Words by Lauren Gill
Belgian born, but Australian bred Gotye (real name Wouter de Backer) confirmed that he’s much more than a one-hit wonder with an electric show Friday night at the sold out Tower Theatre in Upper Darby. Making his way through songs from both of his albums, Like Drawing Blood, and Making Mirrors, the multi-instrumentalist wow-ed the highly receptive crowd time and time again, whether it be with his conductor-like role during singalongs or his on-stage banter, which of course was made immensely more endearing by his heavy accent. (At one point, he asked the audience to confirm that he was indeed in Pennsylvania.)
The night didn’t belong solely to Gotye though, who brought along kiwi Kimbra to open up. Dressed in a ruffly blue prom-dress-gone-bad ensemble, the highly animated singer powered through a solid nine song set. Going through songs from her album, Vows, which is set to be released in the U.S. on May 22, as well as some new cuts, the doll-like vocalist owned the stage, especially shining on tracks like set-opener “Cameo Lover,” and “Settle Down.”
As the Tower Theatre filled to the max, it was clear that everyone came to see the phenom that is Gotye. Opening up his set with the chugging “Eyes Wide Open,” the crowd jumped up from its seats, and it was immediately obvious that they were in for the real deal.
Gotye hopped from instrument to instrument throughout the night, which was made possible by his remarkable set-up. Positioned in a square-like formation, he had a keyboard, drums, tambourine, and synthesizer, among others, to choose from.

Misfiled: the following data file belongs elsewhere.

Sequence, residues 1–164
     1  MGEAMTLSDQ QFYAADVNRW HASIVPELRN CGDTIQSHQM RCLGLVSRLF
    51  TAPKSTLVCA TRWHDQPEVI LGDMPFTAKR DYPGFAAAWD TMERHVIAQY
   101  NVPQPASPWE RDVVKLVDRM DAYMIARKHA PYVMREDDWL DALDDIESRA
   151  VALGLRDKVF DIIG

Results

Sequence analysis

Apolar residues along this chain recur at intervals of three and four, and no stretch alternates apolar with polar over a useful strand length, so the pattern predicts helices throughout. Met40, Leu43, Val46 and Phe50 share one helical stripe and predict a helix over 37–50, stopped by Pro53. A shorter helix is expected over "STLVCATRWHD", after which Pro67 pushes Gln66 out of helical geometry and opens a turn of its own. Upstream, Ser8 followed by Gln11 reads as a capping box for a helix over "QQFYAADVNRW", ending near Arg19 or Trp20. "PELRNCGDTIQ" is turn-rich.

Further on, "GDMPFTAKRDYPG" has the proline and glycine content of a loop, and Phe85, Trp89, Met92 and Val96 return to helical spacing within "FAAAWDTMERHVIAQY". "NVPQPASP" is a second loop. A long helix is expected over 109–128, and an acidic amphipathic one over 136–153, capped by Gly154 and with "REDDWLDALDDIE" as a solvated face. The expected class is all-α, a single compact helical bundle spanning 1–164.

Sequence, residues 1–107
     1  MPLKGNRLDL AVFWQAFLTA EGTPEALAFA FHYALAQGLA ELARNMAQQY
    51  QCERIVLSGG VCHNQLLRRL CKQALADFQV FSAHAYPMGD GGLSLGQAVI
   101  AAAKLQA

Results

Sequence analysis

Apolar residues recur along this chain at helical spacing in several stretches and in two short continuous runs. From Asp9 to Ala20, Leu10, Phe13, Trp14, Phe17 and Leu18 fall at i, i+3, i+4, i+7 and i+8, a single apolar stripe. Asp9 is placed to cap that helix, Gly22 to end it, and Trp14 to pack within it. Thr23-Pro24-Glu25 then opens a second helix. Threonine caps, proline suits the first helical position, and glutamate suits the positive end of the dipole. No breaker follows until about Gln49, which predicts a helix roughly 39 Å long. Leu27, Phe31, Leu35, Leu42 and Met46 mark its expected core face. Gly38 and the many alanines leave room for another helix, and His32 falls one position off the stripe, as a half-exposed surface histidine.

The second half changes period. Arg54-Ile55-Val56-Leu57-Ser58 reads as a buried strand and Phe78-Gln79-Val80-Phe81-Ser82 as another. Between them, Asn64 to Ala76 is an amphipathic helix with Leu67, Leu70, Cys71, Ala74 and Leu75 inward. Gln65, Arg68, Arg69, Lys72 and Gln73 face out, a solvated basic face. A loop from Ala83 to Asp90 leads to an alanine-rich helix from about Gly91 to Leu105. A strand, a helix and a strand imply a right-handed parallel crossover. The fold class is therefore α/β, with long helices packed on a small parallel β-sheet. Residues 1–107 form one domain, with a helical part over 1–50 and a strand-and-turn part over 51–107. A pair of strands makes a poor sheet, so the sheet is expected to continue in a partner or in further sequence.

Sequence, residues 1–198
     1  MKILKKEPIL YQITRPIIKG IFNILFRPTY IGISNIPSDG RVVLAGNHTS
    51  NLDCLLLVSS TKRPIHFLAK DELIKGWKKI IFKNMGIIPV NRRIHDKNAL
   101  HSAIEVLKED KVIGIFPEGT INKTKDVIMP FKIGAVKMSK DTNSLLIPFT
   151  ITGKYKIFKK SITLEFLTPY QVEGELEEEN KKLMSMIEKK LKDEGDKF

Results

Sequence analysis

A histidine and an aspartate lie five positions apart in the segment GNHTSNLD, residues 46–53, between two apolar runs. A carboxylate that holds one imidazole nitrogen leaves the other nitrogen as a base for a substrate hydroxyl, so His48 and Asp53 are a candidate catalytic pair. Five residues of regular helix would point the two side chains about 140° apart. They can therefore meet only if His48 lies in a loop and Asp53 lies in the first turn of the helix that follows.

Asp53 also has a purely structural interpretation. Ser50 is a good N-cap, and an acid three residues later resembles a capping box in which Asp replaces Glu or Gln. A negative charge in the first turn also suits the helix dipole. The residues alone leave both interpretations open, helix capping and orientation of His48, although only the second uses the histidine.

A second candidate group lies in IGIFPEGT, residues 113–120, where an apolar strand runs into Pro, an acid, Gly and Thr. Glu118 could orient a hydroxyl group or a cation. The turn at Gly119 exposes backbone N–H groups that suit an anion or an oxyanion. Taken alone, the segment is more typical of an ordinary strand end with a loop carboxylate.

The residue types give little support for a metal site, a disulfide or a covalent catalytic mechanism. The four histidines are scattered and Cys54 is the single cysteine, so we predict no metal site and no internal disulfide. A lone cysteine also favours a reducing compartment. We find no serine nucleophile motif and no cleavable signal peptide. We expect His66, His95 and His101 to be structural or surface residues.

One of the highlights of the evening came with the raggae-esque “State of the Art,” which found Gotye utilizing a vocoder, which he prefaced the song by calling it one of his favorite trinkets. Gotye was surprisingly in his element during this ode to technology, jamming out with the rest of his band.
Halfway through the set came the moment that undoubtedly the crowd came to hear. Hinting at “Somebody that I Used to Know” by telling them that they would get to hear Kimbra sing again, the crowd went crazy. The song didn’t come without warning though. Telling the audience that at this point in the show people usually bring out their cameras or iPhones, or whatever their choice of technology is, (even making a joke about the new iPad) Gotye recommended against it, advising them to live in the moment, saying they should enjoy the show through a wider lense. For those who did follow Gotye’s advice, which seemed to be a large number as everyone lowered their phones, they were treated to a dynamic rendition of the hit, with Kimbra emerging to nail her verse.
Throughout the night, various videos played on the large screen behind Gotye. Whether they be bizarre church-like images or cacti with faces growing on top of eachother, they added a sense that Gotye doesn’t take himself too seriously, which came across in the manner he conducted himself onstage. He seemed like he was having the time of his life, and he certainly deserved to be.
After closing out the regular set with the soft “Bronte,” which found Gotye hitting a tiny cymbal, he walked offstage to everyone in the building cheering for one more song. Chants of “encore” echoed through the crowd, and Gotye didn’t let them go unheard, re-emerging for three more songs.
“In Your Light” and “I Feel Better” cemented why so many people have been comparing his voice to that of Peter Gabriel and Sting’s. His almost manic animations made him a sight to see as he passionately pounded on his drum.
Gotye ended the night with an energetic “Learnalilgivinanlovin,” and with a humble “cheers,” made his way offstage.
Kimbra Set List:
Love is a Two Way Street
Come Into my Head
Gotye Set List:
Eyes Wide Open
The Only Way
Easy Way Out
Smoke and Mirrors
State of the Art
Thanks for your Time
Don’t Worry, We’ll be Watching You
Somebody that I used to Know
Heart’s a Mess
In Your Light
I Feel Better
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